Notes on Act IV, scene ii

mild: timid, weak-willed (in contrast to Edmund)

sot: fool

cowish: cowardly

answer: retaliation (he ignores insults which would oblige him to retaliate)

wishes: desires that Edmund be her husband

prove effects: come true

brother: brother-in-law; she is unaware that Cornwall is dead

musters: collecting of troops

conduct his powers: lead his armies

change names: from that of wife to husband

distaff: stick used in spinning yarn, "woman's work"

stretch: raise your spirits (with a sexual innuendo as well)

Conceive: understand my intentions toward you

death: either "I'll be with you until death" or perhaps a reference to sex. "Die" was a common English euphemism for orgasm, probably from the French la petite mort, "the little death."

fool: her husband (if "foot" as in Q, she means that instead of the husband being the head of the wife, Albany is actually her foot)

whistle: "It is a poor dog that is not worth the whistling."

contemns its origin: despises its parent

bordered: contained (he fears her infidelity)

disbranch: cut herself off from the family tree

text: on which your sermon is based; "Stop preaching to me"

head-lugged: dragged with a chain around its neck, hence enraged

madded: driven mad

suffer: permit

Milk-livered: cowardly (the blood in the liver was supposed to give courage; he has "milk")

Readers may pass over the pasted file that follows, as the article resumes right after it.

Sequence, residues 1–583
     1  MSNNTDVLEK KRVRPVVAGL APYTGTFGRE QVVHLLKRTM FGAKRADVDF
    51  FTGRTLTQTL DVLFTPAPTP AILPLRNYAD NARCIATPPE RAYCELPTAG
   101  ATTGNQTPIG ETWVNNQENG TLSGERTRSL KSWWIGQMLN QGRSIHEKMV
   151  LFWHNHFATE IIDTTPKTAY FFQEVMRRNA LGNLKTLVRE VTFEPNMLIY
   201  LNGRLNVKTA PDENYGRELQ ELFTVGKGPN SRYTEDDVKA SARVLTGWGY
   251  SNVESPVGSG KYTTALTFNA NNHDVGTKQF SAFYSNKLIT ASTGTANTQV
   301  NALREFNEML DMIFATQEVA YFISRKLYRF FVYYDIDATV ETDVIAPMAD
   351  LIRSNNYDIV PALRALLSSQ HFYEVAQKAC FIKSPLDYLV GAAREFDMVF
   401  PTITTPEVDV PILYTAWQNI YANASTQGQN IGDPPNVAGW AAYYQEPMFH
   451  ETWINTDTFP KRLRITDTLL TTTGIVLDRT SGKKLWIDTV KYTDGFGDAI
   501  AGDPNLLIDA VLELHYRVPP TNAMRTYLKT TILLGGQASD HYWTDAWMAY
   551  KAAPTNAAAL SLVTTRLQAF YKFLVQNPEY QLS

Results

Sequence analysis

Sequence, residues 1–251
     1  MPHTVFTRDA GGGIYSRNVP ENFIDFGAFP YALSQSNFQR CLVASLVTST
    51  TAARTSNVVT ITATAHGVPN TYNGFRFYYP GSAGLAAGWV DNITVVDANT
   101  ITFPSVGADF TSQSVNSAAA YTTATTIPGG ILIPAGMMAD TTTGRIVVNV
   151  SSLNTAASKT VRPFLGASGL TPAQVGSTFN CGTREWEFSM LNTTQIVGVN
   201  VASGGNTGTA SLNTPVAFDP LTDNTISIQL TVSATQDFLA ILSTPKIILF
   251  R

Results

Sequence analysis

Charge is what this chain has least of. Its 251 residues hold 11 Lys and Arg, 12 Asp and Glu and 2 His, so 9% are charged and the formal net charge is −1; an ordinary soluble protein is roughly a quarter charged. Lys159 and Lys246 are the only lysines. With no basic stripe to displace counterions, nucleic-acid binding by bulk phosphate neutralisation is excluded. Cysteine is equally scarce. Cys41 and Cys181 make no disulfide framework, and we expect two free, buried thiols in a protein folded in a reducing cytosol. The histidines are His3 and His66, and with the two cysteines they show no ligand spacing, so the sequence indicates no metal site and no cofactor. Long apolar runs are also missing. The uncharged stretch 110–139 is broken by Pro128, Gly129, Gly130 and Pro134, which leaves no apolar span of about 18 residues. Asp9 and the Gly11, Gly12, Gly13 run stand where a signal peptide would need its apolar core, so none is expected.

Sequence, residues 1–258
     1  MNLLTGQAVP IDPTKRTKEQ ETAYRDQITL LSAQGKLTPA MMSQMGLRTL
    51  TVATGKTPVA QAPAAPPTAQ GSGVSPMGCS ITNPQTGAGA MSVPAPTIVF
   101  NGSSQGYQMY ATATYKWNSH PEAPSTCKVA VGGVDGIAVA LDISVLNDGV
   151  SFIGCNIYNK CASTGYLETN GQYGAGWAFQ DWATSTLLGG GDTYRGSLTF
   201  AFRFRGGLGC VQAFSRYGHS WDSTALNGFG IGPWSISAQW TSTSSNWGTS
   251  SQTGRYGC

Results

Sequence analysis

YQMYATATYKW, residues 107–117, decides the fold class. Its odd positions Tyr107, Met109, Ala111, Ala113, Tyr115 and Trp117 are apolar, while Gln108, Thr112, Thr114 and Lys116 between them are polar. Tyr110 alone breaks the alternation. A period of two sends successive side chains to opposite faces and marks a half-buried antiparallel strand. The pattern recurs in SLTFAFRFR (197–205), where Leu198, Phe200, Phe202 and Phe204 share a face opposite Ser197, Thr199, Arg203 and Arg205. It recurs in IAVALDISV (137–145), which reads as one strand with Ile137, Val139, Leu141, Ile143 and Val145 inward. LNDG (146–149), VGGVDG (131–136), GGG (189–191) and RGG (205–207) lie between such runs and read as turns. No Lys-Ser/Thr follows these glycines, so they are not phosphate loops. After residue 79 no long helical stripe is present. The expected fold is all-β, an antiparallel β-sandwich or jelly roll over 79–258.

discerning ... suffering: unable to distinguish between injuries which affect your honor and thus should be avenged, and the patient endurance of ordinary troubles.

mischief: fool pity villains (such as Lear and Gloucester) who are punished before they can commit wrong; in other words, they had it coming.

drum: preparing for war, calling men to battle

noiseless: no drum, thus unprepared

proper deformity: it is proper for a demon to be deformed (physically), much worse for a woman to be so (morally)

changed and self-covered: transformed as by witchcraft, disguising her true demonic form

Be-monster: don't become in your looks the evil fiend you are inside 

Marry: by Mary (an anachronism since Shakespeare sets his play in pre-Christian times)

mew: she laughs at his manhood

bred: raised

thrilled: deeply moved

plucked him after: to death, following his servant

justicers: just gods who avenge crimes (Albany's optimism toward heaven will be strongly challenged at the end of the play)

nether: committed here below

this: the news of Cornwall's death, for it probably means Edmund's advancement to fill a powerful role

pluck: since my sister is now a widow, she may try to take Edmund from me, which would pull down all my dream-castles ("the building in my fancy"), leaving me here in this hateful marriage.

tart: sour (that is, things won't be so bad, if Cornwall's death means Edmund's advancement, and she can get her husband out of the way)

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